I can do anything I want – unless….
Unless you give me some reallllyyy awkward sandals to put on, tell me to bend and touch my toes or anything which requires a similar level of flexibility – those are incredibly small things to complain about, and I’m not complaining at all, those are just my little quirks that set me apart from the others!
Although I’m a little bit crazy, I’m not really around the bend, it’s my spine that decided it wanted to be! Towards the end of year 7, my PE teacher (she knows who she is – and without a doubt, she’s one of my favourites from school 🙂 ) noticed I had a bit of a disfigurement on my right ribcage and told my Mum and Dad at a parent’s evening. Our school had a swimming pool so everything was a bit more visible in a swimming costume! At the time we didn’t really think much of it – I guess we didn’t realise that something like I had could realistically happen, but as they say expect the unexpected! So we went to the doctors – they wanted to investigate it but we still didn’t really think much of it. I had an x-ray and my spine had a curve of 65 degrees! For sure that was far greater than any of us expected and this was at a time where even going to the doctors was an unbelievable and at times almost unbeatable challenge! So given my age, about 11/12 at the time monitoring and non-surgical answers were the initial plan of action.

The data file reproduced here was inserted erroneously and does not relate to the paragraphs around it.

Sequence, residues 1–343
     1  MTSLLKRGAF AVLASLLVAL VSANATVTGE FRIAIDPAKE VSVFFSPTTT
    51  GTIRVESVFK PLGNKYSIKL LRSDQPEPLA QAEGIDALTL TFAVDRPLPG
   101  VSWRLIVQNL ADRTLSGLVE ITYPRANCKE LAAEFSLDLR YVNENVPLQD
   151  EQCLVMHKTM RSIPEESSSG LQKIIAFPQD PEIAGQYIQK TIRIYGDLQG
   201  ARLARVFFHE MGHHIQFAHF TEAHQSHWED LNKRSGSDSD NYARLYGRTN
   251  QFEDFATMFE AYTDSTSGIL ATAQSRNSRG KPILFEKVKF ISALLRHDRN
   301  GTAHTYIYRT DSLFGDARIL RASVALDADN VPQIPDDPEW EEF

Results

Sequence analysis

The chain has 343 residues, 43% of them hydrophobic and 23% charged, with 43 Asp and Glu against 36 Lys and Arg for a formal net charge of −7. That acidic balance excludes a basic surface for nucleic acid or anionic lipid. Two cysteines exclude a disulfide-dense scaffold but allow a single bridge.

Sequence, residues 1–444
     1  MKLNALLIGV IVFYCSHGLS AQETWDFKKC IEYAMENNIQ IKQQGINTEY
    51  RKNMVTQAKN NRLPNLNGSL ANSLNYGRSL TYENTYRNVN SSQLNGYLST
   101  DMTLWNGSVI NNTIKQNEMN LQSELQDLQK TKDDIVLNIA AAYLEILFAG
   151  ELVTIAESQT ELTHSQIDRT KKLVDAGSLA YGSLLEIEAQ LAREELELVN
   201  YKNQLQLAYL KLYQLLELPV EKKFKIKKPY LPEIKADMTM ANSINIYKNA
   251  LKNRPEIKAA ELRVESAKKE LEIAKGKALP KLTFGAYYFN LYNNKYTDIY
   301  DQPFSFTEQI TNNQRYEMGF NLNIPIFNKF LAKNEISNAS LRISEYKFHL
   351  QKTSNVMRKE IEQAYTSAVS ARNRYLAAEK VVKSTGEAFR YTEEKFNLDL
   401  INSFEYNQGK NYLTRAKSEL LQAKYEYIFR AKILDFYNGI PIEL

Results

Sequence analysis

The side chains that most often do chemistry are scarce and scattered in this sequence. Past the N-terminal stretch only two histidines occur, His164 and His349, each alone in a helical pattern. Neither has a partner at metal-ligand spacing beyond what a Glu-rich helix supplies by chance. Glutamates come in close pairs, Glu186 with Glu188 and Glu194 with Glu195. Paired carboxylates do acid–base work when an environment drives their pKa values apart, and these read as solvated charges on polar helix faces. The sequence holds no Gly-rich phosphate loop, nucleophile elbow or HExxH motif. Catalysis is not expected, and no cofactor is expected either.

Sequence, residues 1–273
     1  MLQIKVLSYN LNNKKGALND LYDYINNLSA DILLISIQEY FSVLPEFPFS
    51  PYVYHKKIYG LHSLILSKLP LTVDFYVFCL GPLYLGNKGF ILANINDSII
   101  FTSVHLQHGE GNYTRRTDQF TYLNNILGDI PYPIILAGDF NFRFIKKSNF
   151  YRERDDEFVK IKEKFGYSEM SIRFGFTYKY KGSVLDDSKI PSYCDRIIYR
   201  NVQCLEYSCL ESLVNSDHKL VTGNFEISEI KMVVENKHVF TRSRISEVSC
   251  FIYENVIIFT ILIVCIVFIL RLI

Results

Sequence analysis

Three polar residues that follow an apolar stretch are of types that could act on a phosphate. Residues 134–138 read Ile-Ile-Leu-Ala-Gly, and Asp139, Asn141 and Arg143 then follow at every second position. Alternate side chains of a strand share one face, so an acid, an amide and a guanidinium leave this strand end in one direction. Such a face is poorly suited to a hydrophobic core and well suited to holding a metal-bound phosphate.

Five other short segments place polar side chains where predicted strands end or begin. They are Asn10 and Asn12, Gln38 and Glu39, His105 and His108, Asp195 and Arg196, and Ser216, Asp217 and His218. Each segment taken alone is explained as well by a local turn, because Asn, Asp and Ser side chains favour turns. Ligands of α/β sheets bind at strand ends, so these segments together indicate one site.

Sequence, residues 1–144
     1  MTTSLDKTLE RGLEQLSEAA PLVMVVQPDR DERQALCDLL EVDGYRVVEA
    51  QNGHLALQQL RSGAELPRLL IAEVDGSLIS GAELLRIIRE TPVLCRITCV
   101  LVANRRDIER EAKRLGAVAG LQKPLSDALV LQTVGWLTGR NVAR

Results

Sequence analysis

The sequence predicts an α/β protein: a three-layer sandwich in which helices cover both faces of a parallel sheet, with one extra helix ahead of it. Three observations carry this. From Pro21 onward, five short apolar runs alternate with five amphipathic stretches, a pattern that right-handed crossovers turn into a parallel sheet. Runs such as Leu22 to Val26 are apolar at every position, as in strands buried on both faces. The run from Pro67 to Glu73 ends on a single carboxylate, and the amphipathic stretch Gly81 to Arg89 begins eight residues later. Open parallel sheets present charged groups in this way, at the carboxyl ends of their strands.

I was referred to a specialist in Cambridge at Addenbrookes hospital. The first step was to get me set up with a brace. For those who don’t know what one is – essentially it’s a piece of carbon fibre moulded to your back, with straps at the back to tighten. The idea being that everything is all kept in place and any curve doesn’t get worse. The production of the brace is an interesting one. Of course I can only speak for myself and my experiences but essentially this involved being put on an ‘oxford frame’. I’m fairly sure that’s what it’s called – but it’s this metal frame which keeps you in the air whilst the moulding takes place. I then got plaster of paris bandages wrapped around you to create a plaster cast of my back for a brace to be created from it. I can remember this being a strange experience with just very strange sensations as the plaster of paris dried. A few weeks later I then returned for the final brace fitting. This essentially just the last few alterations to make sure everything is as comfortable as they can be.